|The art of disagreeing without being disagreeable|
This week Putin repeated the lie. “Our goal is to de-Nazify Ukraine,” he told The Moscow Times. Goebbels, the Nazi Minister of Propaganda taught the world “If you tell a lie big enough and keep repeating it, people will eventually come to believe it.” Goebbels was merely paraphrasing his mentor, Adolf Hitler, who wrote in “Mein Kamf” in 1925, “In the big lie there is always a certain force of credibility. Most people are only comfortable telling small lies, and imagined others would be as uncomfortable as themselves perpetuating big ones. It would never come into their heads to fabricate colossal untruths, and they would not believe that others could have the impudence to distort the truth so infamously. Even though the facts which prove this to be so may be brought clearly to their minds, they will still doubt and waver and will continue to think that there may be some other explanation.”
Hitler, Goebbels and Putin spread lies. “Fake News” though, is not just a modern phenomenon. In our Torah portion this week, Korach challenges Moses’ authority and spreads lies about his leadership. Korach ferments a rebellion against the leadership of Moses and Aaron. Korach’s only goal is to seize power for personal aggrandizement. Eventually Korach’s nefarious intentions are revealed and his rebellion of slander collapses.
The Talmud derives one of Judaism’s most useful teachings about disagreement from this incident of Korach. “Disagreements for the sake of truth, like the disagreements between Hillel and Shamai, bring stability to the world. But, disagreements for the sake of ego and personal power, like the disagreements of Korach and his band, bring instability to the world.” (“Ethics of the Sages,” Avot 5:17)
Judaism never demands blind faith. We are encouraged to think critically and to question everything. The question is how to disagree without being disagreeable. Our tradition wants us to feel safe to disagree and to engage in a sincere search of understanding. But we are not to demonize others for personal gain.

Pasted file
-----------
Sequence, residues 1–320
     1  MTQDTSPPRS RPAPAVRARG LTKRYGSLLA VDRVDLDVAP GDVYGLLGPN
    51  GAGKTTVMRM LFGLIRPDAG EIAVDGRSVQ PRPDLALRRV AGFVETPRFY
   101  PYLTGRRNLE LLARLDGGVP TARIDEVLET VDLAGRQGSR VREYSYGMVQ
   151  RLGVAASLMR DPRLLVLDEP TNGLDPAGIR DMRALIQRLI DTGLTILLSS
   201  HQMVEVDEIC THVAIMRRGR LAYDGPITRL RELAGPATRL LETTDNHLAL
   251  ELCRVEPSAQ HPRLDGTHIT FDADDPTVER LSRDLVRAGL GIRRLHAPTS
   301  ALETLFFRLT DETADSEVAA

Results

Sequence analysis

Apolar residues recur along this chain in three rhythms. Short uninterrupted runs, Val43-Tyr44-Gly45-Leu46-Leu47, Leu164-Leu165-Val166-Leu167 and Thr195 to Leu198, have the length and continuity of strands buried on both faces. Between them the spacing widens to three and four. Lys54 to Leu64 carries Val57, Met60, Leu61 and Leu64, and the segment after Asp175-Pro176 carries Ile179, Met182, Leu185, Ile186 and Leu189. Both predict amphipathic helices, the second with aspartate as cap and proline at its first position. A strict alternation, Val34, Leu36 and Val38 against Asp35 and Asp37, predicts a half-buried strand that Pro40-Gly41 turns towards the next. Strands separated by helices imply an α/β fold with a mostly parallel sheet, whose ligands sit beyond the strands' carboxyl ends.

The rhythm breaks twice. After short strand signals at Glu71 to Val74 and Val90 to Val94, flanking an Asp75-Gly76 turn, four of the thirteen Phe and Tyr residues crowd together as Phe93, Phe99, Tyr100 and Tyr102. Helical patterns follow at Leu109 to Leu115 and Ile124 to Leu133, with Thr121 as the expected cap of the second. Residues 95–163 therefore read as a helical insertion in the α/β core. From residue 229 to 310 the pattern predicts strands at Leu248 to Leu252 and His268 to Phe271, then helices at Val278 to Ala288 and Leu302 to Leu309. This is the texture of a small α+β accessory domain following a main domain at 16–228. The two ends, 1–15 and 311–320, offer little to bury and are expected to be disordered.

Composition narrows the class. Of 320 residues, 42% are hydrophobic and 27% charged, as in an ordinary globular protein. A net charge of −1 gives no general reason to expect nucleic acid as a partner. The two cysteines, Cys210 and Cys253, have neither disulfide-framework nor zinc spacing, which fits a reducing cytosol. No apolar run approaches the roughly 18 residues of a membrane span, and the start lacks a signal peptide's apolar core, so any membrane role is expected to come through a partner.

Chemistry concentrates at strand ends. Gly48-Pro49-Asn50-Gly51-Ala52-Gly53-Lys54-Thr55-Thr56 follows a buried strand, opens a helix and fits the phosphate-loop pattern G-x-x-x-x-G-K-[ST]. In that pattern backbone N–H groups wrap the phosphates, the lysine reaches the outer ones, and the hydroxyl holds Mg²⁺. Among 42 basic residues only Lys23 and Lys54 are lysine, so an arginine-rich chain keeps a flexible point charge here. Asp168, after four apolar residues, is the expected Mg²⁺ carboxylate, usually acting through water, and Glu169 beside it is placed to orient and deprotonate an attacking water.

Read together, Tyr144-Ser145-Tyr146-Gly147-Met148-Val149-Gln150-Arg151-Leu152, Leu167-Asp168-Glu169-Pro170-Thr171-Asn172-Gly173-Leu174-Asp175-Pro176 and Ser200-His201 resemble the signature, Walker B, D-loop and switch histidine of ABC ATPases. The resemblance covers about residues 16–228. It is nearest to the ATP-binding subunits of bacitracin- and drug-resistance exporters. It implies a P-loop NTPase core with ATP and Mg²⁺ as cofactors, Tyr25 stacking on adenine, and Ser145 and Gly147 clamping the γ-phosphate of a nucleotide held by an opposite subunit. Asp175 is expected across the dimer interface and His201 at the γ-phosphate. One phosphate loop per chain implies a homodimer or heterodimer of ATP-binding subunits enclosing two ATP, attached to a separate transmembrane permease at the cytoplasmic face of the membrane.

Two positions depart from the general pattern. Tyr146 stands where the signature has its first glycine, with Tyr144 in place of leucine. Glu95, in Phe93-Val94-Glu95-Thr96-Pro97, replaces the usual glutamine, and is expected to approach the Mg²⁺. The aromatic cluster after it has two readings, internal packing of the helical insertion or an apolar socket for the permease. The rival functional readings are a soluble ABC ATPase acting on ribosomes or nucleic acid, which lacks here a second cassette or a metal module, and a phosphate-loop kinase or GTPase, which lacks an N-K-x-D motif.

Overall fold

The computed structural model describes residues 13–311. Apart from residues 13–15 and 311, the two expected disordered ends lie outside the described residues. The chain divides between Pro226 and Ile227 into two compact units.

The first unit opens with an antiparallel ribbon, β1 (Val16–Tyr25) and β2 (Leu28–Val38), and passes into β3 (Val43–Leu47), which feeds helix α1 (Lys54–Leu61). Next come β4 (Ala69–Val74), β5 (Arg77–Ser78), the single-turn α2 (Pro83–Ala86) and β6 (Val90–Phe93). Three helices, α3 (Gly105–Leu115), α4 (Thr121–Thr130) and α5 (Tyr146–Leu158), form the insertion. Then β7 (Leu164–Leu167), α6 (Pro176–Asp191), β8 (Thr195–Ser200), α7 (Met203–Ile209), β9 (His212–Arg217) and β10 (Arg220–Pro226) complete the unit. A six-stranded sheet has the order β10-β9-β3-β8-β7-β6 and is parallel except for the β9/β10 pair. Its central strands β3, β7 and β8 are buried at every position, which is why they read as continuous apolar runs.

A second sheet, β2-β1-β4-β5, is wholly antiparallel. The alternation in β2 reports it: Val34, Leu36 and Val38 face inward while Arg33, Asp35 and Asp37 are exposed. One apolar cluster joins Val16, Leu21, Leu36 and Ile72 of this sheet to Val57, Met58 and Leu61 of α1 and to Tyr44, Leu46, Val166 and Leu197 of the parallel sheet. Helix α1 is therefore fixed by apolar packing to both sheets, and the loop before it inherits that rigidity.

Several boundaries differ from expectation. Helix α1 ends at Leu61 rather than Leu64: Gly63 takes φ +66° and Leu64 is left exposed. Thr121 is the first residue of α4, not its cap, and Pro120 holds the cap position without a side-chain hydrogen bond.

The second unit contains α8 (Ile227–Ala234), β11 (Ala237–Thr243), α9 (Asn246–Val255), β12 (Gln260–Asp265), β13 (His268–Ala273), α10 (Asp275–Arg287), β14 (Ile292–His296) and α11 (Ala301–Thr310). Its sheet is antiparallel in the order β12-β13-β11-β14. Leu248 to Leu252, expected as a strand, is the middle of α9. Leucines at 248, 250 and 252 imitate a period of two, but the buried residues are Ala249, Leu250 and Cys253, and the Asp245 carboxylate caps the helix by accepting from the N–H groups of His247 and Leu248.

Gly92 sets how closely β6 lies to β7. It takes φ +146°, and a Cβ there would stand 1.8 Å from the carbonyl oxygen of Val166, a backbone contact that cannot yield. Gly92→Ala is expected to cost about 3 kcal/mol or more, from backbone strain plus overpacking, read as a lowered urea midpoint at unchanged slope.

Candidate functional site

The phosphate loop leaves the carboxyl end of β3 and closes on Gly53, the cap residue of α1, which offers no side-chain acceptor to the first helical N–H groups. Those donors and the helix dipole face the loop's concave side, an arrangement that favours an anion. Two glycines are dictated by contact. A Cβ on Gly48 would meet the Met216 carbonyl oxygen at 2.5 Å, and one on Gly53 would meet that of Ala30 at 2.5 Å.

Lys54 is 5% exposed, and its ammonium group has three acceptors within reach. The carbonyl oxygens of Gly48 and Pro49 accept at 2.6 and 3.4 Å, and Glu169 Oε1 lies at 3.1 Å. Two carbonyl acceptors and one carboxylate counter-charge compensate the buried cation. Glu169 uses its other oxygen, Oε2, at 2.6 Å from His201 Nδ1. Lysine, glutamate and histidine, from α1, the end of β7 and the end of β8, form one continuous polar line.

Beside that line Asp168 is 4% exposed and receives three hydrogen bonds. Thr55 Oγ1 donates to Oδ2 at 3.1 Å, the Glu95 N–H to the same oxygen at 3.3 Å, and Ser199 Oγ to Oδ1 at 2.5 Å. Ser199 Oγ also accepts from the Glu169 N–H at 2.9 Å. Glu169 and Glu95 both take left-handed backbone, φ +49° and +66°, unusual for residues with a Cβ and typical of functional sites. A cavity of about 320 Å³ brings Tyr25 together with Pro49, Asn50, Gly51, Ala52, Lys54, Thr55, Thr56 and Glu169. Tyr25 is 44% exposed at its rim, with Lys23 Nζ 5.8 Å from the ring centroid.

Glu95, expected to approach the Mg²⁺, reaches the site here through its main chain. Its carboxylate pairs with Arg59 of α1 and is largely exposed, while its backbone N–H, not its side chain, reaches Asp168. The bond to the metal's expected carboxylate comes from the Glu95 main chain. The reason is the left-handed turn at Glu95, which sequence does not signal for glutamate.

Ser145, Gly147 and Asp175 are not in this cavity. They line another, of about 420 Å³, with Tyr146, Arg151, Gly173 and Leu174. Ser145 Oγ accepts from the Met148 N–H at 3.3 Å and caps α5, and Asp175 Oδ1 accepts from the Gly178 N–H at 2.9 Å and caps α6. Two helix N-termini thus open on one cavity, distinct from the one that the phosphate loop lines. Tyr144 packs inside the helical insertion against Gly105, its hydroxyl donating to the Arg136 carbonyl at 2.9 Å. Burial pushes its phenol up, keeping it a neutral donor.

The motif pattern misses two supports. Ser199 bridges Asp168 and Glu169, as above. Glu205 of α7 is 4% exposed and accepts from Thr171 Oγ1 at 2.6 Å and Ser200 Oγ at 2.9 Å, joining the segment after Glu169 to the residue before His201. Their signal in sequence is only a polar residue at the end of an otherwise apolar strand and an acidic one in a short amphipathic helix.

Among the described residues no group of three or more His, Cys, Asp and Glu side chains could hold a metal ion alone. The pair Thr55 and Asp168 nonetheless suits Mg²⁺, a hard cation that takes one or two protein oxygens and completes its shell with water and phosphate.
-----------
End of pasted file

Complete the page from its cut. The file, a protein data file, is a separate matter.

Our tradition says “Every word of Torah is like multifaceted diamond, with seventy different facets and seventy different interpretations.” (Bamidbar Rabbah). Judaism does not seek to control our thoughts. Judaism does seek to guide our actions. We can and should disagree when it is sincere. But disagreements should be in a spirit of “Kavod,” mutual respect, like the disagreements of Hillel and Shamai that bring stability to the world. As important as what we say, is how we say it.
Maintaining respect while in disagreement, Judaism teaches, is essential for a community’s health.
This art of respectful disagreement is beautifully practiced weekly in our congregation’s Torah Study group on Saturday mornings. This warm, welcoming and accepting group is one of the best kept secrets of our Temple. I wish it was not such a secret. If you desire to become more connected to our community and more engaged with our members may I invite you to join our Torah study group by zoom. The price is free but the intellectual, spiritual and social benefits are priceless. Come study and grow with our community.
Rabbi David Wilfond